Leicester City owner’s helicopter crash caused by loss of tail rotor control
The helicopter crash outside English Premier League club Leicester City's home ground, which killed club owner Vichai Srivaddhanaprabha and four others, was caused by a mechanical fault, investigators have found.
- Leicester City owner Vichai Srivaddhanaprabha's helicopter crashed shortly after take-off on October 27
- Five people were killed in the crash in the carpark outside the English Premier League club's home stadium
- UK air accident investigators are trying to find out why the tail rotor mechanism failed
The United Kingdom's Air Accident Investigation Branch (AAIB) has released a preliminary report about the October 27 crash, which also killed Mr Srivaddhanaprabha's staff Nursara Suknamai and Kaveporn Punpare, the pilot Eric Swaffer and passenger Izabela Roza Lechowicz.
The report says the mechanism linking the pilot's pedals with the tail rotor blades became disconnected, resulting in the helicopter making an uncontrollable right turn before it spun and crashed.
The aircraft reached an altitude of approximately 130 metres before plummeting to the ground just outside the stadium.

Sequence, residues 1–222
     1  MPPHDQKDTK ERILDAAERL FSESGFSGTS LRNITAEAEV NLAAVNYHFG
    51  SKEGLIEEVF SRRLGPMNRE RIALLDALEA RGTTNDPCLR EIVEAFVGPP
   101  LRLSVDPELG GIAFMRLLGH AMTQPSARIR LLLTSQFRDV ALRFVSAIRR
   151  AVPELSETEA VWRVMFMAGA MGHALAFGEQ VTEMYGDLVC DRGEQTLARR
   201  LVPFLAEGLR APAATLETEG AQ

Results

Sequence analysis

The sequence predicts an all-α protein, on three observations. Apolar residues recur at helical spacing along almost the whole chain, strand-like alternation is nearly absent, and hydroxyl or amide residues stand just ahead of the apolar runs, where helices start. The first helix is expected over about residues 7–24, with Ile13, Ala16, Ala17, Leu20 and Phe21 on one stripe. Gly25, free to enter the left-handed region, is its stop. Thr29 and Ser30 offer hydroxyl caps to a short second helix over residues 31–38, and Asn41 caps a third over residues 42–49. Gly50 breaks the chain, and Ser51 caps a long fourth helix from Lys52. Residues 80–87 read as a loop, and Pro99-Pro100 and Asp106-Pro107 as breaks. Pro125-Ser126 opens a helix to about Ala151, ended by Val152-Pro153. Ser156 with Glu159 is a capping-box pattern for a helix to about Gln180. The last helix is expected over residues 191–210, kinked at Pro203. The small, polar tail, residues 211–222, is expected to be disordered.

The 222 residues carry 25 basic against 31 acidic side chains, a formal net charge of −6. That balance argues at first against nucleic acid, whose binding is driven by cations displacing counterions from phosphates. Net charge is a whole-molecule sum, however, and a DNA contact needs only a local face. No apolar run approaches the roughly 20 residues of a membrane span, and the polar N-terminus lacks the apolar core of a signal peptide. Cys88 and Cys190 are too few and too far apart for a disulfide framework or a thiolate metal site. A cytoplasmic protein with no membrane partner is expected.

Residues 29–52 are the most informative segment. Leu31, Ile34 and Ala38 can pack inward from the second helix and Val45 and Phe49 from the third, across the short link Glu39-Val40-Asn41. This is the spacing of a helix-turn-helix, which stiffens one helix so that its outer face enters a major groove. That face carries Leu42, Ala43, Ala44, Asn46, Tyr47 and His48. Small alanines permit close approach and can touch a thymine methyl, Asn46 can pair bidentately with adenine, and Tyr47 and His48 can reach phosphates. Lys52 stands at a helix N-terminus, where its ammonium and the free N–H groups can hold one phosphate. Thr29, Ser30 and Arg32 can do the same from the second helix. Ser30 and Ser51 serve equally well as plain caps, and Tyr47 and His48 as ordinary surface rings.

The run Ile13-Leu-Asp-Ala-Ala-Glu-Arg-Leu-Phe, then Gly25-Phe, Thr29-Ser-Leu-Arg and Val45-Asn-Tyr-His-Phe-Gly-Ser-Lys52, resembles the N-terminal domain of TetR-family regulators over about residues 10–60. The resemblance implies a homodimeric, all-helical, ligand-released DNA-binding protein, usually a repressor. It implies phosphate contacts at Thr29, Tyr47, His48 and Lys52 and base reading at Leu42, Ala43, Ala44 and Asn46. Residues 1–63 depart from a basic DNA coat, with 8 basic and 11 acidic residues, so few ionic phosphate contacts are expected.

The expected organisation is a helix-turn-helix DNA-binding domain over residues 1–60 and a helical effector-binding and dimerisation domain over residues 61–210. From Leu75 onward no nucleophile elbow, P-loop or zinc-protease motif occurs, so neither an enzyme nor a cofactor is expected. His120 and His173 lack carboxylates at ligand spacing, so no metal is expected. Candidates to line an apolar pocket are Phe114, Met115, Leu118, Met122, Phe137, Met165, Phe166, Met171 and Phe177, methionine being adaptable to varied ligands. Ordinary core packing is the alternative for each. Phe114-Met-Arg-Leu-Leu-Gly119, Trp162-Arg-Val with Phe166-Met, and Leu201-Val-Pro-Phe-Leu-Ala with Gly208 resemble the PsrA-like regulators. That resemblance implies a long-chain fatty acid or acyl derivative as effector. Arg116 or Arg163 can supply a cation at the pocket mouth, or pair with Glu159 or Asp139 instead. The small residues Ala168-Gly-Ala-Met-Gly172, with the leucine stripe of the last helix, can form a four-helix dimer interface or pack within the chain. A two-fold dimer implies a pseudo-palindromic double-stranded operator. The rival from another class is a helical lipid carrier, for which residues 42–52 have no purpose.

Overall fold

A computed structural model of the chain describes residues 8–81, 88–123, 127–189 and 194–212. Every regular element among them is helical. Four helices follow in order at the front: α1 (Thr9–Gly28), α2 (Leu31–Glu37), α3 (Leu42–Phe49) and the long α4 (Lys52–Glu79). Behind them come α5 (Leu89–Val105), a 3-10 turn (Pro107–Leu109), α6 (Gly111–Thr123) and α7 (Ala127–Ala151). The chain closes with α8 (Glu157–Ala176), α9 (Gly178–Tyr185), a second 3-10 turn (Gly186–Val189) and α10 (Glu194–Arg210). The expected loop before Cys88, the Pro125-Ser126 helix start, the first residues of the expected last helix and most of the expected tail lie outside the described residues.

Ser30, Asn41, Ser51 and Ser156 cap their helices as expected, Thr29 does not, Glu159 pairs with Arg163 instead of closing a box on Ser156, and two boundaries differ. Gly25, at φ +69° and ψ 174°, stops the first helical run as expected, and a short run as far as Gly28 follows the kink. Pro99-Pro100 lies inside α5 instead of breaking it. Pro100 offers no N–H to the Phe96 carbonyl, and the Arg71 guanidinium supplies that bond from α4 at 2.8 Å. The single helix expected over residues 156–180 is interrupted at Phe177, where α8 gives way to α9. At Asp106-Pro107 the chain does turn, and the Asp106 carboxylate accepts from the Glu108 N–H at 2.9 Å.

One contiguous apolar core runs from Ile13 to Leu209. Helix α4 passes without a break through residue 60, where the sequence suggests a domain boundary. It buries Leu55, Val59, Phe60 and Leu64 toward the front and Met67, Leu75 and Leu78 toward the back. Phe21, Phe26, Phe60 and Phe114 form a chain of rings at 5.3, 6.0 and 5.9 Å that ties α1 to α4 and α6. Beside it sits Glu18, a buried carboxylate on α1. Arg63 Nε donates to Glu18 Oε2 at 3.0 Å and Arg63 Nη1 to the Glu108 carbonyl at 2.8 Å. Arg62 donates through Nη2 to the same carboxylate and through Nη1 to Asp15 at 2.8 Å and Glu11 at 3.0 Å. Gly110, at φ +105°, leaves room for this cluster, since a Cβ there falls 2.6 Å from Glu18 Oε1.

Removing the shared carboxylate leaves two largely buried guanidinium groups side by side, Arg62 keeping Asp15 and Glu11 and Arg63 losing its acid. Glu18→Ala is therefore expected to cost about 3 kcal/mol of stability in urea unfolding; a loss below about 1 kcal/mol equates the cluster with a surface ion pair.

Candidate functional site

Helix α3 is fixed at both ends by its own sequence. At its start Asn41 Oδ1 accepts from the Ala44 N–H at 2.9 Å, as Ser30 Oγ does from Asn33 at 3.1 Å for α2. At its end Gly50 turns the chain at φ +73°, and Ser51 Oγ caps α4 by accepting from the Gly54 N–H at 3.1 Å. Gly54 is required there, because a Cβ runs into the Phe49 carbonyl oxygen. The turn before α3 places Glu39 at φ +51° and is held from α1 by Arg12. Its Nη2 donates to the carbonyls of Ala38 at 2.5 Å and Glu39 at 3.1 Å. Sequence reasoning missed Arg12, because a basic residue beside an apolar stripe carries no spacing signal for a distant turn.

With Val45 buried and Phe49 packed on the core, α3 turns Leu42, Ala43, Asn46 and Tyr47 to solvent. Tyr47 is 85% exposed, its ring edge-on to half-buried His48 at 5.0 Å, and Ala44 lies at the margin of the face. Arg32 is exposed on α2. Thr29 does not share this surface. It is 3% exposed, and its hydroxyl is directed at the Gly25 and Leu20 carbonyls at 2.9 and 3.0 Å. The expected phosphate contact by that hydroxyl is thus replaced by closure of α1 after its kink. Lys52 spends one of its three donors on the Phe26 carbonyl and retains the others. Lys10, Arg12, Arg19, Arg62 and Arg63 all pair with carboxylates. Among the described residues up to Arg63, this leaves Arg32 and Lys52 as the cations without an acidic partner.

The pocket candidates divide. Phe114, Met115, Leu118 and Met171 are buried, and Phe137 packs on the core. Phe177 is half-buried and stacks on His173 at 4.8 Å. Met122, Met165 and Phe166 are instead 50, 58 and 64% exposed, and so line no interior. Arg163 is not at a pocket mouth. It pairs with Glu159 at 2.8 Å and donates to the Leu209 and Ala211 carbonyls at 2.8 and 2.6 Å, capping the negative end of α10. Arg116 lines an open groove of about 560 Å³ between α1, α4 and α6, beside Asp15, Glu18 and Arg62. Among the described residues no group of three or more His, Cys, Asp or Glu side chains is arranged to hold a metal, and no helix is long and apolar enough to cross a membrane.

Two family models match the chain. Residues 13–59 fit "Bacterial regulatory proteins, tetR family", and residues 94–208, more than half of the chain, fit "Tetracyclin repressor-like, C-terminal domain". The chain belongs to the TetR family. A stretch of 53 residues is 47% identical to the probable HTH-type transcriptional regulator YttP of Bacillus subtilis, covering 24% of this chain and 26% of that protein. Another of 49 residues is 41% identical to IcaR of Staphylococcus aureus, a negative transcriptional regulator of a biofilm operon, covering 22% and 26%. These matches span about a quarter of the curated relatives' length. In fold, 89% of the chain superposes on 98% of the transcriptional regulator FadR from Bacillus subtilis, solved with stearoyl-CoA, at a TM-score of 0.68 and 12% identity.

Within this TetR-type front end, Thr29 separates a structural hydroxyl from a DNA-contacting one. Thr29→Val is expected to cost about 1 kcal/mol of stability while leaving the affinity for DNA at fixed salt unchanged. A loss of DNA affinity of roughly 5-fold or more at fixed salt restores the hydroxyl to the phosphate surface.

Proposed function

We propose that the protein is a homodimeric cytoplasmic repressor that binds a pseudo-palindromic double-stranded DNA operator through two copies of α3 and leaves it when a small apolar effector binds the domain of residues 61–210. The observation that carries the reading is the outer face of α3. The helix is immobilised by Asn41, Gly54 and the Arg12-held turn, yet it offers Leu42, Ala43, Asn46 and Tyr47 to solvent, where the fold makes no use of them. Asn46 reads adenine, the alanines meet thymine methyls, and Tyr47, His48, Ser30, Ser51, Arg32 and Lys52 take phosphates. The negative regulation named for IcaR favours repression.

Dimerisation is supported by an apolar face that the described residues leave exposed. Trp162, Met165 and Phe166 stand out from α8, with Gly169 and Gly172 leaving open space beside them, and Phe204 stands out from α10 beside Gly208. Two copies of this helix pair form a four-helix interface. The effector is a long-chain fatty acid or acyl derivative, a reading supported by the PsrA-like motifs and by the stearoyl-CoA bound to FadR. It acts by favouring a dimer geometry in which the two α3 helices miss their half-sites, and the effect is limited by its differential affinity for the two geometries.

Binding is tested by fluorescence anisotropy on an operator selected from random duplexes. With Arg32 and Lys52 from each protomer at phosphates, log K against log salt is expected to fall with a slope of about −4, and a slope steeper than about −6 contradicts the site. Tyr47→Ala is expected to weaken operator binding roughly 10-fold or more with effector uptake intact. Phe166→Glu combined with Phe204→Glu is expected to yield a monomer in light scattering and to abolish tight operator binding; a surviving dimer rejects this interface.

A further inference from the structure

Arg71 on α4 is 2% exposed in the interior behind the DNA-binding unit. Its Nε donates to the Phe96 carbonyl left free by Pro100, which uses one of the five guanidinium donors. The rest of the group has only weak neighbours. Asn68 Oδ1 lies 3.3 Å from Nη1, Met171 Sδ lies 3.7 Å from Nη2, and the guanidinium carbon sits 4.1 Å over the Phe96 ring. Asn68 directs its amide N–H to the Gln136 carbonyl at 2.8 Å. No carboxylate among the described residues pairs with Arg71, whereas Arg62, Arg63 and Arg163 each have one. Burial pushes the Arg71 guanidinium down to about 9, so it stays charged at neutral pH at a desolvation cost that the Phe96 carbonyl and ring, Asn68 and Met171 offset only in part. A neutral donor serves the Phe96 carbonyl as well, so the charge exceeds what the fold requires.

The report said: "The initiating cause and exact sequence of the failure that resulted in the loss of tail rotor control is being investigated as a priority."
After the crash, the manufacturer of the Agusta AW169 called for precautionary inspections on all aircraft in the global fleet, while the European Aviation Safety Agency ordered safety checks on the tail rotors on the helicopter and similar models.
The helicopter crashed shortly after taking off from the middle of the stadium approximately an hour after Leicester drew 1-1 with West Ham United.
Mr Srivaddhanaprabha, a Thai retail billionaire, bought Leicester City in 2010 and oversaw the club's promotion to the Premier League in 2014 and fairytale league title win in the 2015/2016 season.
The family is highly respected in the city and has formed a close bond with the fans, sometimes mingling with them at games.
The owner had been praised for his charity work, donating 2 million pounds ($3.6 million) toward a new local children's hospital.
The crash shocked the football community, with tearful fans laying football jerseys, flags and flowers in a makeshift shrine outside the club's stadium.
High profile members of the club's first team and the coach were shaken by Mr Srivaddhanaprabha's death, leaving tributes on social media and visiting the site of the crash.
Leicester City created a condolences book for supporters to pay their respects, which was presented to the family.